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GreekReporter.comAustraliaThe Greek Paradox: Why Do First Generation Greek-Australians Live Longer?

The Greek Paradox: Why Do First Generation Greek-Australians Live Longer?

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Greek-Australians marching in the Australia Day parade in Melbourne. Credit: Chris Phutully, CC BY 2.0

Scottish-Australian physician Norman Swan has made a complex discovery recently. Swan found that Greek-Australians, despite subscribing to potentially life-threatening practices and diets, have the second highest life expectancy behind the Japanese.

Swan dubbed this situation “the Greek Paradox” in his new book So You Think You Know What’s Good for You?

Greek-Australians are two to three times more likely to be obese, have high cholesterol, diabetes, and high blood pressure than Anglo-Australians. Despite this, they are thirty-five percent less likely to succumb to heart disease. Their risk of developing cancer is lower, as well.

Greek-Australian’s Mediterranean lifestyle explains “The Greek Paradox”

Swan says the explanation for these figures has a lot to do with Greek-Australian heritage. When Greek migrants came to Australia, their diets and lifestyles adjusted, and they began to eat high calorie and high saturated fats.

But as they got older, this group came back to their Greek Orthodox roots, and started to eat according to the “Mediterranean diet.” But Swan says that’s only one aspect of why these members of the Greek diaspora live longer. There are other key factors listed by Swan.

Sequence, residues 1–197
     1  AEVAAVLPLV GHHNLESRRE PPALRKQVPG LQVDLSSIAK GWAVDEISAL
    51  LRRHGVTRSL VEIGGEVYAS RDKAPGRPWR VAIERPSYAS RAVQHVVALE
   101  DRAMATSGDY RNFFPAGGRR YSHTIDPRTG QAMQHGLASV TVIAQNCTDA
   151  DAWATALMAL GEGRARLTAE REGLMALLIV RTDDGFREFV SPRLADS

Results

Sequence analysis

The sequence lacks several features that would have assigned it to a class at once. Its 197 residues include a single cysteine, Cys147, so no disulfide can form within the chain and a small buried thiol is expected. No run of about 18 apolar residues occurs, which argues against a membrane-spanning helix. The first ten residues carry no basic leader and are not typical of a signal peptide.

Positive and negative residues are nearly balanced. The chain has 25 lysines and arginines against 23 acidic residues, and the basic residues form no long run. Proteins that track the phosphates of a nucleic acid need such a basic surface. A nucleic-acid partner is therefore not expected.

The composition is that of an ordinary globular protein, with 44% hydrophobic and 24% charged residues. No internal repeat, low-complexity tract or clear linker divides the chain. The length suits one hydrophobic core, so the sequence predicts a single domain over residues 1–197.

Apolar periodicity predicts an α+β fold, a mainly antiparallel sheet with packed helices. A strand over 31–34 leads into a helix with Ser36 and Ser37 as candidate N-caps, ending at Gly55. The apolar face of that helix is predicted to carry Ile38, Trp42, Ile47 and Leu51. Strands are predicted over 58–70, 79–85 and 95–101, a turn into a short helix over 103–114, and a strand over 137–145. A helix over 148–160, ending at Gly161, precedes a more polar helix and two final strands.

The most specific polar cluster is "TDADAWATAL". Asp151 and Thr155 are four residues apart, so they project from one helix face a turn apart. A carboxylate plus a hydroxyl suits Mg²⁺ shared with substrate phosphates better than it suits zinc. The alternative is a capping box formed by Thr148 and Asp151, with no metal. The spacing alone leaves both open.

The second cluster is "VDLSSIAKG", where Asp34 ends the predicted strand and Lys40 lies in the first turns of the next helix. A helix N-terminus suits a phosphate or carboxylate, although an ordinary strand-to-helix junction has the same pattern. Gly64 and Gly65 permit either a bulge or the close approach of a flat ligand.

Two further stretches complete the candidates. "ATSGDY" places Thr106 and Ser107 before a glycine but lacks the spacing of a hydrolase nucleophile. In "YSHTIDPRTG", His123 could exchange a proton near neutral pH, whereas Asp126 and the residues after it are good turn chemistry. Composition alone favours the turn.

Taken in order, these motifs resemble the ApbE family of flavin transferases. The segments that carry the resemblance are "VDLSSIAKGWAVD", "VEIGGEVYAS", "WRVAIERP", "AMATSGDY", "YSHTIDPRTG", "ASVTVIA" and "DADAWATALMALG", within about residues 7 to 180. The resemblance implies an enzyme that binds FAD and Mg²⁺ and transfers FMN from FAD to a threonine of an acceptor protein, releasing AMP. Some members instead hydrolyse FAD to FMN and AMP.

Eating and cooking at home

Swan notes that home cooking is a staple of the Mediterranean diet, especially with fresh ingredients. These meals traditionally take place with a group around the dinner table rather than individually in separate rooms. Swan says that these factors allow one to consider their ingredients and portions more wisely.

Flavorful, slow cooking

The skillful use of garlic, onions, spice, herbs, and extra virgin olive oil in one’s diet helps your body fight long-term cancer as well as mitigate inflammation.

Chop your vegetables and don’t be afraid of olive oil and vinegar

Breaking down vegetables into smaller chunks and saturating them with dressings like olive oil and vinegar help to free micronutrients called polyphenols. Red vegetables are an especially fecund source of antioxidants such as beta carotene and lycopene.

Use plenty of garlic, shallots, chives, and onions

These ingredients hail from the Allium family and are packed with sulphur compounds, a key defense against cancer.

Take the time to nap after meals

Research has found that short naps after meals contribute to lower blood pressure and decreased heart disease. These small breaks are known as ‘siestas’ and originate from Spanish culture but have become widespread across the Mediterranean.

Religious Fasting

A crucial factor of the research Swan is citing has found that Greek-Australians pivot back to their traditional Greek Orthodox faith as they get older. Greek Orthodoxy has a large amount of fasting periods in its calendar, many of which do not allow meat, fish, or dairy, effectively being a vegan diet. Cutting these out of your diet twice a week on Monday and Thursday could be a healthy boost to your routine.

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